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Mass Effect/AEC Chapter 9: Guests

Tweet of the Day: A Modern Witches Trial



Security Level, SSV Daedalus, Camala, Indris System, Kite’s Nest Nebula, April 17, 2196

“The Old Gods wait in Hidden Spaces! We will usher their glorious return and they will uplift us to Eternity!” cried the lunatic formerly known as Altiari Had’ dah. I shut the cell door. Galeena waited in the hallway.

“I swear if I have to listen to that idiot rant about how the end is nigh for one more second, he’ll end up with two black eyes,” I said.

“We could try a pharmacological approach,” she said.

“And risk a psychotic break? No. Lets transfer him to the Alliance. There is enough evidence to convict him for the bombing of the Steiner-Satori estate,” I said.

Galeena pressed a finger to her lips, “He mentioned ‘gods in dark spaces’,” she said.


“The hanar spoke of the Enkindlers before it was gun down,” she said.

“You mean the Protheans? But as far I know the batarians don’t worship them, do they?”

“As I understand it, the batarians religion, like most of their society prior to the war, is highly hierarchical. It is based on the believe in the a tier of ‘ancients’ that stem from elder chthonic-creator gods to honor family elders-”

“You lost me at ko, ko what?”

“Chthonic, belonging or related to the elemental forces of nature like wind or water. All divine powers fitted a strict pantheon that mirrored the batarian caste system,” she said with the patience of a primary school teacher.

That sounded familiar, “As in Heaven so shall it be on Earth?”

“Something like that.”

“I still don’t see the relation between Prothean worship and sun worship,” I said.

She sighed, “We know of… two civilizations directly influenced by the Protheans in the prehistory. The hanar and my people.”

“So you think the Protheans did the same with the batarians?”

“The Protheans were a highly imperialistic culture with penchant for uplifting younger races to serve their needs. Inculcating a stratified religion based on strict obedience would ease the batarians entry into their empire,” she said.

“That doesn’t sound like ‘gods in dark places’,” I said. Somewhere in the back of my mind a bunch of neurons held a furious discussion about history, galactic politics and religion but hadn’t handed the full report to Theo’s central brain committee.

“Some Protheans survived into this cycle, sir.”

“Sure, if you call being turned into soulless cyborgs by the Re…the Reapers turned the Protheans into Collectors then went back to dark space,” I said.


“Wait,” I pointed at the door, “does he think he is the next Saren?”

“He could be indoctrinated.”

“We didn’t find ant Reaper tech in the refinery.”

“The planet was occupied by Reapers. He could have been indoctrinated somewhere else.”

“Maybe, but it doesn’t explain what the hanar was doing there or why someone hired a drell to take it out with polonium rounds,” I said.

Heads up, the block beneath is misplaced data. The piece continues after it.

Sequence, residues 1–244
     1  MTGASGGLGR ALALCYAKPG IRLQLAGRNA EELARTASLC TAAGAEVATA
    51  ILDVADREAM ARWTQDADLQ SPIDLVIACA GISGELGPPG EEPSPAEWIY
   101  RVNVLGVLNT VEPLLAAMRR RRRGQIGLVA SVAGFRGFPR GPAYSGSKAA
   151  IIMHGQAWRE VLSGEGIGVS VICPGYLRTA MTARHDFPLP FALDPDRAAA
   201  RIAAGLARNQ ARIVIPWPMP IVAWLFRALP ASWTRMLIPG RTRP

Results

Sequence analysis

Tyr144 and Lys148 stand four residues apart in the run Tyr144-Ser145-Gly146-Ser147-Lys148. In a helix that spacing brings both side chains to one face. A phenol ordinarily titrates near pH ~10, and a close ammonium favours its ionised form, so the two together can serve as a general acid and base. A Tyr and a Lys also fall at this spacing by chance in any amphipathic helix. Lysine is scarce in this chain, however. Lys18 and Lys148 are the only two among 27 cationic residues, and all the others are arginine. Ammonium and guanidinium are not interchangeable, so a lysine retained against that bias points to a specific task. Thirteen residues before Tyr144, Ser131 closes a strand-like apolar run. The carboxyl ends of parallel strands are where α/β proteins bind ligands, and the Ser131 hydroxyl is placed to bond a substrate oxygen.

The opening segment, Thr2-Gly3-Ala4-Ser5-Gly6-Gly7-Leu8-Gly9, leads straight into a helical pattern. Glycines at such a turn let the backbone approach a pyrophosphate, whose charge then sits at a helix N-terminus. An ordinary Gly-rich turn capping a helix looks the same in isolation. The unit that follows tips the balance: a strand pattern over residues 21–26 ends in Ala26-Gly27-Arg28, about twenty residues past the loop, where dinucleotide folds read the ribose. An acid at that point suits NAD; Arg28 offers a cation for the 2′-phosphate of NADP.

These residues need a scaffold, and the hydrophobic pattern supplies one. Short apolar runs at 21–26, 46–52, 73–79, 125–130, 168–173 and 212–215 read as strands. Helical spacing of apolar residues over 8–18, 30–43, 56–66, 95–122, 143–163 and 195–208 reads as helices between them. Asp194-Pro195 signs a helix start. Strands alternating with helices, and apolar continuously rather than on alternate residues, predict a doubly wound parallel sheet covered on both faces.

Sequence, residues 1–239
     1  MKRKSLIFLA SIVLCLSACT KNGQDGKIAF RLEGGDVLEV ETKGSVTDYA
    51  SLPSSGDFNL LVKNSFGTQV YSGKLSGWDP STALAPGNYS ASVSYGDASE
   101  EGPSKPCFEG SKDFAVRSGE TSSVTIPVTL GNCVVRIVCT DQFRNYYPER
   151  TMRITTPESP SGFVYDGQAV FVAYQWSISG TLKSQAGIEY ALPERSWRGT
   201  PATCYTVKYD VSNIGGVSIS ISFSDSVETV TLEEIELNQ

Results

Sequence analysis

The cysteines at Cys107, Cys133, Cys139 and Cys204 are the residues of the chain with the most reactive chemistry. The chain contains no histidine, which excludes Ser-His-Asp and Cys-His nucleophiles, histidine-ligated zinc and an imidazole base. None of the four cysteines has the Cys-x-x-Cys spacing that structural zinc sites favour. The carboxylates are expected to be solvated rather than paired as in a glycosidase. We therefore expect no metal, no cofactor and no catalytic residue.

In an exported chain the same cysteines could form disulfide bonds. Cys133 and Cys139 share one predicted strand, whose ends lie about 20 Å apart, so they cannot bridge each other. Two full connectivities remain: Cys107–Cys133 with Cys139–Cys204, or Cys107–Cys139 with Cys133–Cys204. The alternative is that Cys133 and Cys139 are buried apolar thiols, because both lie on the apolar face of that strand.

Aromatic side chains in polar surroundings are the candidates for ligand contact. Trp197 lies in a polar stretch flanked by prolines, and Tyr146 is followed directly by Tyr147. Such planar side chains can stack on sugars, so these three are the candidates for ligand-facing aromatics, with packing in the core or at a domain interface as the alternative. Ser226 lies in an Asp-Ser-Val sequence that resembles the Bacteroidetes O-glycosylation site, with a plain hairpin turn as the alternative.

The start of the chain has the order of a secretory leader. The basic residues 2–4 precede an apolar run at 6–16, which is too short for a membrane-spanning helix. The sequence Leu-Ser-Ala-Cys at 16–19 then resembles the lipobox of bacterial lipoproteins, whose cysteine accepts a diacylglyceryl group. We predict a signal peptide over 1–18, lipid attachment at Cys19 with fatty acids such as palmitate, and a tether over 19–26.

“He might know,” she said.

“Time to ask him,” I said. We went up to the ship’s living quarters. According to Galeena, drell assassins were known for being the deadliest killers in the galaxy. She suggested we treat him as a guest rather than a prisoner. I wasn’t about to leap where Galeena T’iala feared to tread.

Mr. Aten sat at the small table in the middle of the room, chin on steepled hands.

“Good evening, Mr. Aten. I apologize for the delay. We tried to make the room as accommodating as possible?” I asked.

“Yes, it is quite pleasant. The guards area nice touch.”

Great, a killer clown.

“They are part of the decor,” I said.

“Of course. Is there anything I can do for you, colonel?” he asked. He asked in the tone of someone who asks about the weather. Not the sort of thing I expected from a trained killer.

“Maybe. It seems our ‘operations’, for a lack of a better term, are somehow connected.”


“Could you care to explain how?”

“I am not at liberty to discuss the particulars of my assignment.”

Wasn’t going to be that easy. Still, he is talking.

“Before the hanar died, and by the way that was a hell of a shot from one point five klicks away,”

“Thank you.”

“Well, he said something about the Enkindlers. We were wondering if there is a religious angle to all of this.”

“Yes,” he said.

“There is, what is it?”

“I am not-”

I cut him off with a raised hand, “Then who is ‘at liberty’ to say?”

“My employers.”

I ran out ideas so I switched to sarcasm, “I don’t suppose I could talk to them instead?

“I can arrange it,” he said nonchalantly.

My jaw dropped, “What?”

He raised his chin, “I believe cooperation will further my employers goals.”

“Which are?” Mr. Aten opened his mouth, “Never mind. When can you arrange this meeting?”

“I need access to the comm buoy system,” he said.

I risked a system hack, but if he could do that, he would have done it already.

“Pasha, Mr. Aten needs a link to the comm buoys,” I said over comm.

“Understood colonel. Firewalls are active. Channel is open,” said Pasha.

I nodded to Mr. Aten. He entered a code on his omni-tool.

“Done,” he said.

Pasha called a few minutes later, “Sir, we have a reply. Patching you through.”

A raspy voice, lighter than Mr. Aten came through the comm, “We are amiable to a meeting at your earliest convience as well as the safe passage of one Mr. Aten.” A series of coordinates appeared on my omni-tool. They were for the hanar colony of First Land.

“Pasha, you got that?”

“Yes sir.”

“Tell the captain to set course for First Land.”


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